GREATER Bendigo City council said it is confident new ratepayer legislation introduced to Victorian Parliament on Wednesday will not impact rates-funded city services.
The legislation follows the release of the Victorian Ombudsman's investigation into how local councils responded to ratepayers in financial hardship.
Across the 79 Victorian local councils financial hardship policies varied greatly, the report found.
Where some councils waived or deferred payments others were charging almost 10 per cent penalty interest on unpaid rates - sending struggling households into further debt.
It also found councils had an over reliance on debt collectors and some were suing victims of domestic violence and those with mental health issues over unpaid rates.
The Ombudsman recommended a more "empathetic" approach to rates collection, including new laws requiring councils to publish financial hardship information, and issuing standards for rates hardship relief.
Local Government Minister Shaun Leane introduced rating reforms to Parliament on Wednesday requiring fairer financial hardship policies and more support by councils to reduce the risk of further debt.
"We know that many Victorians are doing it tough and that's why we are working to reform the rating system," Mr Leane said.
"Good hardship relief schemes strike a balance where the rate burden is shared while ensuring people in hardship are not driven further into debt or out of their homes."
However, further concessions for ratepayers could mean local councils cannot adequately fund local government services.
In Bendigo, rates help fund a plethora of critical local services including waste collection, street cleaning, early years education, maintenance local parks, gardens and recreation facilities, environmental health, statutory planning, road maintenance, tourism and visitor services, Bendigo Art Gallery and The Capital and Ulumbarra theatres.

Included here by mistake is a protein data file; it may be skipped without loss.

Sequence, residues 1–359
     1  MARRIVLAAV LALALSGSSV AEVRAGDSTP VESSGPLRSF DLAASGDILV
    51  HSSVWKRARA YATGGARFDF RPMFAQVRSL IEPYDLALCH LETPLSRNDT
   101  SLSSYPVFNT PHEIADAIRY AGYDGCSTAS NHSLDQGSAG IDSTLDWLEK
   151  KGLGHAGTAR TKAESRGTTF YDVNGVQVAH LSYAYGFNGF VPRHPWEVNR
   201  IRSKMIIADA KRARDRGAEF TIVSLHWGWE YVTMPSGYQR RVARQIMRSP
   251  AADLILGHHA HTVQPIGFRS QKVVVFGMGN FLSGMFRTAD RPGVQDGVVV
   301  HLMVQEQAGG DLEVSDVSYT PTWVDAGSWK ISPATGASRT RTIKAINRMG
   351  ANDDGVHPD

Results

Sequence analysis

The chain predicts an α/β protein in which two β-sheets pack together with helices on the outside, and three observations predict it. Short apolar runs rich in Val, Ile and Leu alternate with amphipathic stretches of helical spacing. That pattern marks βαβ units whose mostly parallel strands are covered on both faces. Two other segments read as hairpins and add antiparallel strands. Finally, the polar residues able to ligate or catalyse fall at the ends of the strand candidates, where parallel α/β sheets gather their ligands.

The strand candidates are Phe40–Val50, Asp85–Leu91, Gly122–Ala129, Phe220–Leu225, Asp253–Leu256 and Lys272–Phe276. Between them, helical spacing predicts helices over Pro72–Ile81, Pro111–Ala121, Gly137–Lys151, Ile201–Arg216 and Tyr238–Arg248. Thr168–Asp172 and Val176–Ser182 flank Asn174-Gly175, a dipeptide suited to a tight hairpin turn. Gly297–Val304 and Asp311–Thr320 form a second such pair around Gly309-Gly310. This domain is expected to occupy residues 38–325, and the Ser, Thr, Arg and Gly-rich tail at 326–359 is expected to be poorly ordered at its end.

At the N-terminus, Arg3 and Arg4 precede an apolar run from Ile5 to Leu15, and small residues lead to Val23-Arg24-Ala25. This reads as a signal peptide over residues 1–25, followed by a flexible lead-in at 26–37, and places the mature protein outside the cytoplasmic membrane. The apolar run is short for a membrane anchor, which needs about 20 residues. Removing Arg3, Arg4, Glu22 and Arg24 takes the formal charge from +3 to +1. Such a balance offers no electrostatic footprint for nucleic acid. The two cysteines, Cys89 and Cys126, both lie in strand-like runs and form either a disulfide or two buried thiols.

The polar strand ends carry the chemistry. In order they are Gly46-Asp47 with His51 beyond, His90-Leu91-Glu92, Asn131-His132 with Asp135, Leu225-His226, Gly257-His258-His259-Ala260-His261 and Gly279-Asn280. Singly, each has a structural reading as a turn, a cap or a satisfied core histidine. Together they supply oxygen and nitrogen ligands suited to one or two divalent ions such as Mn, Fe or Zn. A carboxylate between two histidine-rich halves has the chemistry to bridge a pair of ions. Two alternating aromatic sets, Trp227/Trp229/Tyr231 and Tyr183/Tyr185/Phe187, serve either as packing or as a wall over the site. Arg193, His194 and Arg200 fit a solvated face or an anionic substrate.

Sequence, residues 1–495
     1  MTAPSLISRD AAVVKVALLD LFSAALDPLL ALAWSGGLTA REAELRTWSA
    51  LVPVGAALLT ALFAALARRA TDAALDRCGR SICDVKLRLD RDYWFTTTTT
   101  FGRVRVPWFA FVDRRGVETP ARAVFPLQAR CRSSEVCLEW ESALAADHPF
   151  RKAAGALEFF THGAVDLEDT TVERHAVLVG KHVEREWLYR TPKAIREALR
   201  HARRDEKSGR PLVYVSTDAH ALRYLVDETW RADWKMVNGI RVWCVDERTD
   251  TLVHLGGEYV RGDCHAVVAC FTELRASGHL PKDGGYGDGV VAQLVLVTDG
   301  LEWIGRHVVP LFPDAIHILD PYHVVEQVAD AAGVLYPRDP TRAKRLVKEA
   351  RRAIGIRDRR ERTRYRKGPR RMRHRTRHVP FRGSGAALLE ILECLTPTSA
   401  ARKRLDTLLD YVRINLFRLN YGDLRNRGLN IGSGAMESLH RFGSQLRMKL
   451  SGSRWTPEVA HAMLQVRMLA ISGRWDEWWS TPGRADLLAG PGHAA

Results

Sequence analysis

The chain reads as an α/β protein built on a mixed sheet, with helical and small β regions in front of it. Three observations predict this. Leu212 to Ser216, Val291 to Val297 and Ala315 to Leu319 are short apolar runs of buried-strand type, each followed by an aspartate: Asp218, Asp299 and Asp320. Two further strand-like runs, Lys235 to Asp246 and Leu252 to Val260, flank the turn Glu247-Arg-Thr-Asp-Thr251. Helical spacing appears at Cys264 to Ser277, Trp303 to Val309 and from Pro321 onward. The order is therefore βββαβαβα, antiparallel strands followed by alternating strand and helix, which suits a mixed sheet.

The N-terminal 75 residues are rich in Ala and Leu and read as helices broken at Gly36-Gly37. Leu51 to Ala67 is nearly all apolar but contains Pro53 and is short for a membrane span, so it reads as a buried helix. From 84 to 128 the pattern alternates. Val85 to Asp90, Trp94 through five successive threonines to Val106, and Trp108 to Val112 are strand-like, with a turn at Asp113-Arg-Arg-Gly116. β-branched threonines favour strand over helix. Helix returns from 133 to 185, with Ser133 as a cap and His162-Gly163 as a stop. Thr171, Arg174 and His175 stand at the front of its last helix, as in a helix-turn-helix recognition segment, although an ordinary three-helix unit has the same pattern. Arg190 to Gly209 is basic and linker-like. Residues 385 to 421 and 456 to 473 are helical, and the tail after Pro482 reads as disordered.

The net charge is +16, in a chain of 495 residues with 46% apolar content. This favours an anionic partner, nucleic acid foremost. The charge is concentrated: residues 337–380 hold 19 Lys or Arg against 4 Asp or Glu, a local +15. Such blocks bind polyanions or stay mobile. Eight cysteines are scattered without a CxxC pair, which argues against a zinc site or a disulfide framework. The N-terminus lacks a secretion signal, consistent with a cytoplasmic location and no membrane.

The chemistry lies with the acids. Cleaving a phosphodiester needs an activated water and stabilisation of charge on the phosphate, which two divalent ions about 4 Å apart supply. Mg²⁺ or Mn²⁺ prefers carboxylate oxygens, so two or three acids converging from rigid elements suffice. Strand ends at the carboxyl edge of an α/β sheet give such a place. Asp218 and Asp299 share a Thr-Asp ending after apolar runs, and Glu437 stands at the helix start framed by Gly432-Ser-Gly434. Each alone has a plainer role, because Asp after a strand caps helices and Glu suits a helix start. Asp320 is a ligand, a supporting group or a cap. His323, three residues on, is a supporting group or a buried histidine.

The municipality's acting corporate performance director Nathan Morsillo said the council had budgeted for certain families to receive rate concessions and were "confident services would not be impacted".
"We have updated our hardship policies annually throughout the pandemic and we did that again after the Ombudsman's report," he said.
"We try to help people engage with financial counselling where necessary."
Mr Morsillo said Bendigo Council had already made several changes to it's rates policies since the Ombudsman report and did not expect the new state government legislation to significantly impact councils in the region.
"Without having seen the actual legislation, as it only got presented to Parliament on (Wednesday), we're pretty confident in our own policies here," he said.
"The city already does wait multiple years before we take action against people who haven't paid their rates."
"I'm comfortable with these changes there isn't going to be a significant change to the city's ability to recover rates."
Residents who are finding it hard to meet their rates payments can speak to customer service on 5434 6000 to find the best solution based on their personal financial circumstances.
Under the established Financial Hardship Guidelines, the city can offer a range of payment options, including:
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